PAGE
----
HelloFresh set out to understand the climate impact of four different packaging types to identify the most climate-friendly packaging solution for its meal kits.
For this purpose, HelloFresh partnered with Planetly who carried out a Product Carbon Footprint (PCF) analysis including four types of packaging: PET-tray, tin-plated can, glass jar and lightweight pouch packaging.
With this carbon footprint study, HelloFresh is able to identify CO2e emission hotspots within the life cycles of the four packaging types, in order to support decision-making regarding the selection of products and materials.
Plastic has become a contentious issue for many companies and customers. However, plastics are still one of the main materials used in the packaging industry for food. The commercial success of plastics as a packaging product is due to a combination of flexibility, strength, lightness, stability, impermeability and ease of sterilization. With these benefits in mind, it is important to weigh up the environmental implications of using plastic packaging compared to alternatives.
Aside from plastics, alternative packaging types are commonly used in the food industry, e.g., metal cans and glass jars. The goal of this study was to provide an initial indication of the respective climate change impacts of four food-contact commercial packaging types used for the packaging of olives and dried tomatoes. The study is intended to be used as an indication of the climate impact of the packaging alternatives, to aid in internal decision-making within the company.
The study does not cover all environmental impact categories, such as impact on ecosystems, resource depletion, or ozone layer, that are also relevant and allow for a full assessment of the overall environmental performance of its packaging types. However, the impact of greenhouse gases (i.e. CO2e) are a key concern in the current climate situation.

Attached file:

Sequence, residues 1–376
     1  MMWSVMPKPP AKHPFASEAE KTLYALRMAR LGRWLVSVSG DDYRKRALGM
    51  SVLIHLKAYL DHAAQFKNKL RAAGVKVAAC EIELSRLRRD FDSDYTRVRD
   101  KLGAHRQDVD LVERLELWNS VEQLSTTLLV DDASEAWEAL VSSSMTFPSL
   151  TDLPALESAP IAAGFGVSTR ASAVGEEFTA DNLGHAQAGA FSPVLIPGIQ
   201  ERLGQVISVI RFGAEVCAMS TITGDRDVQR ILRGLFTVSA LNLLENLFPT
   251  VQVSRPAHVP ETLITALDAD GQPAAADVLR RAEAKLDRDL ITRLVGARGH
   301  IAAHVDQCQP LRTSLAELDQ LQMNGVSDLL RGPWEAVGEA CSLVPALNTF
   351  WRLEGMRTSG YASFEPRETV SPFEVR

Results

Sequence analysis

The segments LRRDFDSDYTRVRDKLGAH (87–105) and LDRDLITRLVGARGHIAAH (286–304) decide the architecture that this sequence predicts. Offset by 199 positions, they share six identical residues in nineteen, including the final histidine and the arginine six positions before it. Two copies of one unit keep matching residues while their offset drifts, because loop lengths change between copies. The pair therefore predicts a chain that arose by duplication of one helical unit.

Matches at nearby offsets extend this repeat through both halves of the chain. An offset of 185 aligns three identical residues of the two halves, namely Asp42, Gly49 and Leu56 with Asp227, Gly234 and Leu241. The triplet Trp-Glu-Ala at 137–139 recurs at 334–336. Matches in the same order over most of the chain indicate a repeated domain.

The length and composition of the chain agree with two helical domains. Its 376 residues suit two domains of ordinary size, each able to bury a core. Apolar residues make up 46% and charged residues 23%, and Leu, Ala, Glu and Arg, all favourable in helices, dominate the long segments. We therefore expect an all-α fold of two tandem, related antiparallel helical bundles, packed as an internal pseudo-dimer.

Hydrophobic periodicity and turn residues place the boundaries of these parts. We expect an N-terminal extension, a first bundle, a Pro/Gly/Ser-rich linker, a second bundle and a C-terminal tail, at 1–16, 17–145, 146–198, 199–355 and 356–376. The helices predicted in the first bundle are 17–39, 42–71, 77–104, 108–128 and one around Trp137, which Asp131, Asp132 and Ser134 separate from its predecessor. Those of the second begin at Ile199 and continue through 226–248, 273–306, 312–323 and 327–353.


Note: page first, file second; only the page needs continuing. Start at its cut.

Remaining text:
The PCF study describes the climate impact assessment of the four packaging alternatives, based on secondary data.
The functional unit applied in the study is for one unit of packaging, able to preserve, store, and transport 100g, 70g, and 50g of dried tomatoes and/or olives from the production/filling site until the end consumer of the food.
The sensitivity of the PCF models was tested to observe their robustness and the validity of assumptions made. In the sensitivity analysis, the relationship between climate impact and recycled content was also assessed. The reuse scenario was explicitly excluded because this scenario is not yet widely used in the food industry. Furthermore, no credits from energy recovery or the expected recycling rates at end-of-life were allocated to the product systems.
The PCF has been peer-reviewed by TÜV Rheinland Energy GmbH to ensure the quality of the study.
Based on the findings of the PCF study, two important drivers were identified: the weight of the packaging and the recycled content (RC) of the main materials.
Although the life cycle emissions per gram of packaging is higher for the pouches (Figure 1), the weight of the pouch packaging is significantly lower than that of the alternative packaging archetypes calculated in the study. Therefore, the results change considerably when taking into account the weight of the packaging types per functional unit.
Because the studied lightweight pouch-packaging requires very little packaging compared to its content weight, it uses less materials overall. Not only are the emissions lower for all studied weight, but also life cycle CO2e emissions do not fluctuate as much when the contents of the packaging are increased.
Other packaging types require scaling to effectively carry out their protective function. Therefore, the material quantity increases with the content weight (see Figure 2). This increased packaging weight is associated with increased life cycle CO2e emissions.
The results in Figure 3 indicate that the pouch packaging has a smaller carbon footprint than the alternative types studied, despite a conservative model that considers the alternatives to have more recycled content than the lightweight pouches. The figure also shows that the life cycle CO2e emissions of the packaging alternatives increase significantly with increased content weight, whereas those of the pouch packaging solutions remain within a similar range.
The low weight of pouches is the main advantage of the lightweight/flexible packaging solution, resulting in a smaller carbon footprint compared to the other packaging archetypes studied.